Thirteen years ago, this week, I heard those infamous words: “Mr. Singer, Sir You Have Breast Cancer!”
It was not that shocking to hear, since I had already assumed the worst from the Mammogram, Ultra-Sound and subsequent biopsy. But here I am, still standing, still fighting and still advocating for all the other men with a similar diagnosis.
It’s a little bit ironic that my diagnosis came in the month of October, a month that has become synonymous with breast cancer. Over the past few years we have been able to get recognition for all the men who are stricken, by having the third week of October recognized in 27 states as Male Breast Cancer Awareness Week.
We have worked extremely hard to understand all the fallacies, misconceptions, disdain, embarrassment and shame being DX, as a man with breast cancer has brought us, and how best to overcome them.
These small accomplishments haven’t been easy. Thirteen years ago, male breast cancer was as swept under the rug as female breast cancer was in the 1940’s and 1950’s. Very “hush-hush”! No guy wanted to talk about his own diagnosis, let alone attempt to bring it to the forefront of mass conversation. In the 40’s and 50’s, woman had their surgeries, padded their empty bra’s and went on with their lives as best as possible. Only their immediate families knew of their health struggles.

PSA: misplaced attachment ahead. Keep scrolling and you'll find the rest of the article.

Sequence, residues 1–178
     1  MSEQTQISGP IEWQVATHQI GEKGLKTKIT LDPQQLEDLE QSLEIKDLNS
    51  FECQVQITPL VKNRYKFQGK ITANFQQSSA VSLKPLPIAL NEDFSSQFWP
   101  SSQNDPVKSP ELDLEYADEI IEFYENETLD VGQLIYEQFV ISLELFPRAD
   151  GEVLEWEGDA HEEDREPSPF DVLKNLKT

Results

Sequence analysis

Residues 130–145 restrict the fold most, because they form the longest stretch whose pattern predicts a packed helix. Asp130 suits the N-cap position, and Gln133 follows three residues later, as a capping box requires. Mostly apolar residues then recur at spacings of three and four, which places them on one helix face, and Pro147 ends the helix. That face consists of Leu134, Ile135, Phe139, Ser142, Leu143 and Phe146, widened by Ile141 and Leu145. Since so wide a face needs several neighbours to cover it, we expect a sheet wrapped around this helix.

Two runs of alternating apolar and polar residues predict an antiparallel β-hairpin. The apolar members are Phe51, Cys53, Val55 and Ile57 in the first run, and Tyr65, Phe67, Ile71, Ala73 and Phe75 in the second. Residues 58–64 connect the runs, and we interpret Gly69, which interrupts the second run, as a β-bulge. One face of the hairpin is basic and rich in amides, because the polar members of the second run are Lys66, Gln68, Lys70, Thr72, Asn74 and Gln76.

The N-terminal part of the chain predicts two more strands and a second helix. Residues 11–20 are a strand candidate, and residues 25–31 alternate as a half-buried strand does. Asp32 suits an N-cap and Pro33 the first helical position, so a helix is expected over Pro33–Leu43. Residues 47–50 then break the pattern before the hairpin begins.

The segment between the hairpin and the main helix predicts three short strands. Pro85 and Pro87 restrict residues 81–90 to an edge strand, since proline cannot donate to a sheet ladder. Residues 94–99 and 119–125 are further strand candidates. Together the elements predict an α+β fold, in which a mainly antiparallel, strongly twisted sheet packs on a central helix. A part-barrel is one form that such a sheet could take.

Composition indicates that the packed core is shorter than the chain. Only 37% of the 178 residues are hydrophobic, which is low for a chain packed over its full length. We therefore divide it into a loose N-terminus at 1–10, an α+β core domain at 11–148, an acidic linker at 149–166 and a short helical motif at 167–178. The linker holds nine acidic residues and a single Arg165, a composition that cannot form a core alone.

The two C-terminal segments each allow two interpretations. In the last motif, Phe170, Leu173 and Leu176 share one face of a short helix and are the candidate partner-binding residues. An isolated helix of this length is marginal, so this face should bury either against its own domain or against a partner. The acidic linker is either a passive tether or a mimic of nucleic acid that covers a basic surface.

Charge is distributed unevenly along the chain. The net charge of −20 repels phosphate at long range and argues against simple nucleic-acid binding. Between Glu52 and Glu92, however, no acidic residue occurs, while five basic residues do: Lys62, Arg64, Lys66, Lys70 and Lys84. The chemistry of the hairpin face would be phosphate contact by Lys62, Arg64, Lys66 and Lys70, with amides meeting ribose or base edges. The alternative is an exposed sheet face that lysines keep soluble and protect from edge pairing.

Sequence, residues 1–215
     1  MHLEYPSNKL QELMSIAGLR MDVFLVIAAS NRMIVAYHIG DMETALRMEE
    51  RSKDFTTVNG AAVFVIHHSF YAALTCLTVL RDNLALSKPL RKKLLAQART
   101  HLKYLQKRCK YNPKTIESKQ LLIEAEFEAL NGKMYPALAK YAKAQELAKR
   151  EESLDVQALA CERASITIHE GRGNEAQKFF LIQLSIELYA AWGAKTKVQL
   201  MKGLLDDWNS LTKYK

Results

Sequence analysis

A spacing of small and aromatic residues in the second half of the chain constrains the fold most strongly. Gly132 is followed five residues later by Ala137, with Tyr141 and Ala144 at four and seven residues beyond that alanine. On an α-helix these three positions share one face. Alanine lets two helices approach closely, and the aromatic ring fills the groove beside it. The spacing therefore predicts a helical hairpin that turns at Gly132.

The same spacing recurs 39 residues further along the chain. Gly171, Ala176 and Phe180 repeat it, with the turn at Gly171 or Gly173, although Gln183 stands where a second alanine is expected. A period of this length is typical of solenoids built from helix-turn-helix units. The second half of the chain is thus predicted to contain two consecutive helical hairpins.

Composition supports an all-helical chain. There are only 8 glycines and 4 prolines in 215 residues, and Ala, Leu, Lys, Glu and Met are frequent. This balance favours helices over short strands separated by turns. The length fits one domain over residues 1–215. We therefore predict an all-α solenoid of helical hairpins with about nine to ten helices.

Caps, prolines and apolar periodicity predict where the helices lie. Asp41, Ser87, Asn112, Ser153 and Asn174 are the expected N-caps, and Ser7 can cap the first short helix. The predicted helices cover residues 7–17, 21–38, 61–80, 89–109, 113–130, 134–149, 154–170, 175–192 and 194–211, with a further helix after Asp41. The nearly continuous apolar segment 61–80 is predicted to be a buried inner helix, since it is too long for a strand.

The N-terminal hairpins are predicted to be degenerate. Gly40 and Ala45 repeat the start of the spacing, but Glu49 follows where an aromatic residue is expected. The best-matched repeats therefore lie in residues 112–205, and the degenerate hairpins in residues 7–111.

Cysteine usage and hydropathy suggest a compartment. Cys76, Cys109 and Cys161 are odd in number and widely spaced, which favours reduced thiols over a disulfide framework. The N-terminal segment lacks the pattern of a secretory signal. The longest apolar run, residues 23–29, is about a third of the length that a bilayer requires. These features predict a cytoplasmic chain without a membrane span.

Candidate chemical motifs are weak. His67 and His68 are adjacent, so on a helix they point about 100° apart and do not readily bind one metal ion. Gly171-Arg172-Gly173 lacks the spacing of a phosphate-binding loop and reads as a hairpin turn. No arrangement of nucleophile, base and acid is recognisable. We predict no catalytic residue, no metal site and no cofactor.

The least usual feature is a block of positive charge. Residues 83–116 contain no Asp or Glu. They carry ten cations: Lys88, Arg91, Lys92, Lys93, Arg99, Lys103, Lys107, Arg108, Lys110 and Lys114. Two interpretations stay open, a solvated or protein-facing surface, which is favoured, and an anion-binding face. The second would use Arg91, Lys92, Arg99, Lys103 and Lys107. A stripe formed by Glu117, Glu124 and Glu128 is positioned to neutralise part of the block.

Post my mastectomy surgery, followed up with three and half months of Chemotherapy and 10 years of hormone therapy, I am still fighting and advocating, insuring male breast cancer and BRCA mutations are included in the conversations.